«People don’t understand it’s not just a one-day, or one-month, event,» a survivor says in filmmaker Danijela Stajnfeld’s documentary on the aftermath and impact of sexual assault, Hold Me Right. Stajnfeld’s initial motivation for making the feature was highly personal, as she had abruptly ended a promising theatre career in Serbia and fled to the United States after a very well-known figure had raped her. Feeling his celebrity made it too dangerous to speak out against him, she sought another way to gain agency over the traumatic event that was quietly eating away at her. Her testimony-based gathering of the experiences from a wide range of sexual assault survivors in the States creates a resonant sense of solidarity. No two stories are the same, but all grapple with trauma as a burden that must be continually negotiated. The film emphasises that this power abuse is structurally entrenched — and widespread.
At any time
Men are raped as well as women: a fact often minimised or treated as taboo, but one which Stajnfeld makes sure not to marginalise. And rape is, most of the time, carried out by someone the victim knows. A Philadelphia police officer tells of how a higher-up she had respected, an inspector leaving for an FBI post, assaulted her after his going-away party. A black, gay teen in Indianapolis, the designated driver at a college party, recalls being ambushed coming out of the bathroom. A 17-year-old describes how he joined the Navy, but was discharged for going off the rails after he was subjected to repeated gang rapes. A nurse says her husband had not been physically abusive — until one night when he raped her at knifepoint. The threat of an unsafe world implicit in the recognition that sexual assault can happen at any time, to anyone, can prompt survivors to seek a sense of control by denying the gravity of what happened, or blaming themselves — but the trauma often stays in the body. Stajnfeld remembers a sense of euphoric relief that she had survived and it was «in her past» — before later becoming suicidal (eating disorders and substance abuse are also prevalent with survivors.) It took her one year of counseling to realise she hadn’t done anything to warrant the attack.
What’s more, a culture around rape that tends to side with perpetrators perpetuates conspiracies of silence. A montage of clips from fashion advertising and classic movies (including the ‘80s scene from John Hughes teen romantic comedy Sixteen Candles, in which a nerd is encouraged to take advantage of a passed-out drunk beauty queen) emphasises just how normalised, even glamourised, sexual power abuse has been in popular culture. Despite the MeToo movement, which has sought to reveal and dismantle this normalisation of toxic behaviour, nothing has really changed, says one young survivor in Indiana. She was shamed and disbelieved by her town, including her then-boyfriend, after being raped at fifteen by a local, whose family’s hiring of an expensive lawyer has thwarted prosecution chances. Some survivors have been able to achieve a measure of justice years later. The police officer whose colleagues refused to back her up and denigrated her character as sexually promiscuous (a common refrain in victim-blaming) is able to testify in support of another woman the inspector assaulted.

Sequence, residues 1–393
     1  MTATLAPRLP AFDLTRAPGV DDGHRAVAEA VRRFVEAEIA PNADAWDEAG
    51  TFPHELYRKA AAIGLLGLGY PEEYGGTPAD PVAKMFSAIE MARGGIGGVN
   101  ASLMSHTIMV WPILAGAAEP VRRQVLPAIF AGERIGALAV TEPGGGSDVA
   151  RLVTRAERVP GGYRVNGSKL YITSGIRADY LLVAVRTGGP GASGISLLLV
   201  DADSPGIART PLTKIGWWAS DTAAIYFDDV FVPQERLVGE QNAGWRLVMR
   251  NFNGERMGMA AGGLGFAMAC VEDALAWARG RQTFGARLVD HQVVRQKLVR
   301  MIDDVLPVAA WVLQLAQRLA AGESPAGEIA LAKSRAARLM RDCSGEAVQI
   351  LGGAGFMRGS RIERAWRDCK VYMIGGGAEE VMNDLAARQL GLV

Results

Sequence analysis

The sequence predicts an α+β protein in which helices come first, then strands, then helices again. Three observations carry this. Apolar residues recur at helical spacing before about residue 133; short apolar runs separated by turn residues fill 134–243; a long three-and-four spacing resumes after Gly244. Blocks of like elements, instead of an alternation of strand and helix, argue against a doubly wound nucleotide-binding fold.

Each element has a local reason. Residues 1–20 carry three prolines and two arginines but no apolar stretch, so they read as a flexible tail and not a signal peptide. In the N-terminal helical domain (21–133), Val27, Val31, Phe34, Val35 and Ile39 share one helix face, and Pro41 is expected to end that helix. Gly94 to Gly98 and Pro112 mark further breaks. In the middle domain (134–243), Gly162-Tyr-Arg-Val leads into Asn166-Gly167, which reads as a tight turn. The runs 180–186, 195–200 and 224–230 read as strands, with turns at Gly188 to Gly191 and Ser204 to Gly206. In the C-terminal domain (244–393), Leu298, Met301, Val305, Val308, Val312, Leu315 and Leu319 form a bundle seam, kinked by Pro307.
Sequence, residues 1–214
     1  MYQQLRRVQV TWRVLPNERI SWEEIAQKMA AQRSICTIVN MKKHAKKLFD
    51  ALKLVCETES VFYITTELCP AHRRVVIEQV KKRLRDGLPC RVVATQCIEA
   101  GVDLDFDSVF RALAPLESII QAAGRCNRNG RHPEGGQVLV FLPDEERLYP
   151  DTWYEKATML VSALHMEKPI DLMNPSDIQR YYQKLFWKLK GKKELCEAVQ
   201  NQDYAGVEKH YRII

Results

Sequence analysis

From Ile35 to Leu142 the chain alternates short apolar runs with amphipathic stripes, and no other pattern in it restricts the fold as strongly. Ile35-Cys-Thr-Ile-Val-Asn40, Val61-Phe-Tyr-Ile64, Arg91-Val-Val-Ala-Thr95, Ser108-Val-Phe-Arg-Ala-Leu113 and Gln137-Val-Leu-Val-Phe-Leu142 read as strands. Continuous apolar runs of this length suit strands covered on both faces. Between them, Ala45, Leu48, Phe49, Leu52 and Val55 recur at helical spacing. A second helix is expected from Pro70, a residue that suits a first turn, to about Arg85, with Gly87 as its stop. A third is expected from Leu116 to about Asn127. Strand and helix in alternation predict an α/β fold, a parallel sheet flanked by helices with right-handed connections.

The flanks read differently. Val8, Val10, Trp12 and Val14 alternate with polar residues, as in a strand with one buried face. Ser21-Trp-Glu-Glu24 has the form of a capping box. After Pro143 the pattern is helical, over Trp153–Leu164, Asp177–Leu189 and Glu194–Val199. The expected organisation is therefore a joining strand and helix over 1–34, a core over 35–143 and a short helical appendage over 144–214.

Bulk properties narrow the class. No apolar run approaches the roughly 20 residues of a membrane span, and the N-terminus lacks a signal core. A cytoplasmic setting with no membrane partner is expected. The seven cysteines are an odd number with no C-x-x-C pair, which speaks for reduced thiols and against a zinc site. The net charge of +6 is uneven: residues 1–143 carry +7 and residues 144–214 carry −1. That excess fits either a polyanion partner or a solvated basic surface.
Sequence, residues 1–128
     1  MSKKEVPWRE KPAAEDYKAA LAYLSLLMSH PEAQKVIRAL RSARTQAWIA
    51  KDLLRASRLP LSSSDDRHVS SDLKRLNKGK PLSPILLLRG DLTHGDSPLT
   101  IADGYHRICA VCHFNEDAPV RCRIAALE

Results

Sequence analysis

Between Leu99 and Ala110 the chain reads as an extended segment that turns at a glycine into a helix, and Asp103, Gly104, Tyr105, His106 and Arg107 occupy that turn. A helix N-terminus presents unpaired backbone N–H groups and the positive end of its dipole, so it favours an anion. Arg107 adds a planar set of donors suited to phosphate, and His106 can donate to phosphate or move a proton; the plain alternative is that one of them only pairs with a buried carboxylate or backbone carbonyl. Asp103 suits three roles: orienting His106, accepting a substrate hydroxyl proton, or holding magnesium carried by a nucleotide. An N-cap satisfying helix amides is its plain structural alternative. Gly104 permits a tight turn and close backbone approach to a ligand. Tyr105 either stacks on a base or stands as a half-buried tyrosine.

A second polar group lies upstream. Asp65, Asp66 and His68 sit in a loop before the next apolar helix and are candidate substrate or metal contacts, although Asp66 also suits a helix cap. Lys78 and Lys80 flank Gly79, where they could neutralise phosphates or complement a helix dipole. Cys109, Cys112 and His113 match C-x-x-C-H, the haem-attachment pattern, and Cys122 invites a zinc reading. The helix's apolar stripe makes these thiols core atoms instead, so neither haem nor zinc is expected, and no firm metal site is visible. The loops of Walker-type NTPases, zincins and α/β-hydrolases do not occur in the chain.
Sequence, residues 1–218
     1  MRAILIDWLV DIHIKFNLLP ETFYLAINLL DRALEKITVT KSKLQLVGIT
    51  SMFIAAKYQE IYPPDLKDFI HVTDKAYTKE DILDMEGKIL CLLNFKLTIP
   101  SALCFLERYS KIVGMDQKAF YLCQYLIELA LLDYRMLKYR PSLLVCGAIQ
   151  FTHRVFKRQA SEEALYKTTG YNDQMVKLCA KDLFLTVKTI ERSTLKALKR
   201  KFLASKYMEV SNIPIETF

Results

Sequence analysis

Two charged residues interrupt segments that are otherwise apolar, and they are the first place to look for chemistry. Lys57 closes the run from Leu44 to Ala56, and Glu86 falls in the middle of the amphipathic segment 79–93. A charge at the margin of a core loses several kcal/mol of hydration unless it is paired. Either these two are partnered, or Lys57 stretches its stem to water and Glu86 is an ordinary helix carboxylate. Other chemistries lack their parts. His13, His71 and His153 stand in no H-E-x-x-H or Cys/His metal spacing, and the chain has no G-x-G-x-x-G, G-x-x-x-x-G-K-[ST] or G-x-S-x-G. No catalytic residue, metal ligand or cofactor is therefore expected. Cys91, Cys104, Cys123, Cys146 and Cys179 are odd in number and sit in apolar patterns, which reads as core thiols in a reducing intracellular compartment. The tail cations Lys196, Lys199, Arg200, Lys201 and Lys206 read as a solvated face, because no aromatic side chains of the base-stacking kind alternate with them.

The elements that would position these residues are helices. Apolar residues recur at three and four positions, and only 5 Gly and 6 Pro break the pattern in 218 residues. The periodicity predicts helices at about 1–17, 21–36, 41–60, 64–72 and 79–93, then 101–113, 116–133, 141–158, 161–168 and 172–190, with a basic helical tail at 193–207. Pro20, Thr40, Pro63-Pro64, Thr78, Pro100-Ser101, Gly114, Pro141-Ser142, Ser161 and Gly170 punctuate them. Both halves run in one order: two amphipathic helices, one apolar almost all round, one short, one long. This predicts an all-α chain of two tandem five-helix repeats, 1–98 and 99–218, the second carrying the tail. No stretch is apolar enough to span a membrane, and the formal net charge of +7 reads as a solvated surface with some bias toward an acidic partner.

Hold Me Right takes as a guiding principle the belief that the value of telling one’s story is as much in the catharsis it enables, as a means to incorporate the event into one’s own history on one’s own terms, as it is about achieving justice, in terms of consequences for the perpetrator. Several of the survivors Stajnfeld connects with have navigated a personal journey from devastated careers and personal lives to empowerment through public speaking and activism roles. «I started talking and I haven’t shut up since — the speaking was my healing,» says Karen, who hopes to empower other women of colour through her work.
Not only survivors but also perpetrators are given a platform to discuss their views of what they did and the consequences, in a potentially controversial directorial decision, including a convicted pedophile, who was himself abused as a child. Some are more repentant than others. A student who raped a woman under the heavy influence of alcohol directs his regret at having attended that party (as if it was simply a matter of bad luck), and accused the victim of «ruining his life.» Stajnfeld argues that coming to an understanding of perpetrators as regular people enables forgiveness that frees oneself to heal. A nerve-wracking segment sees her confront her own rapist after four years, meeting in a bar and secretly recording it (his voice is disguised to protect his identity, and one can only imagine frenzied conjecture among Serbian audiences as to who it might be.) She should have felt «honoured, not jeopardised» by the assault he narcissistically contends since he is so famous. It seems clear he will learn nothing from the encounter by which he will modify his predatory behaviour — but in taking power over the situation and framing it through a survivor’s lens, Stajnfeld has found in filmmaking a way to take charge of her own narrative and the reality of her trauma, and offer a point of identification for others going through the same struggle.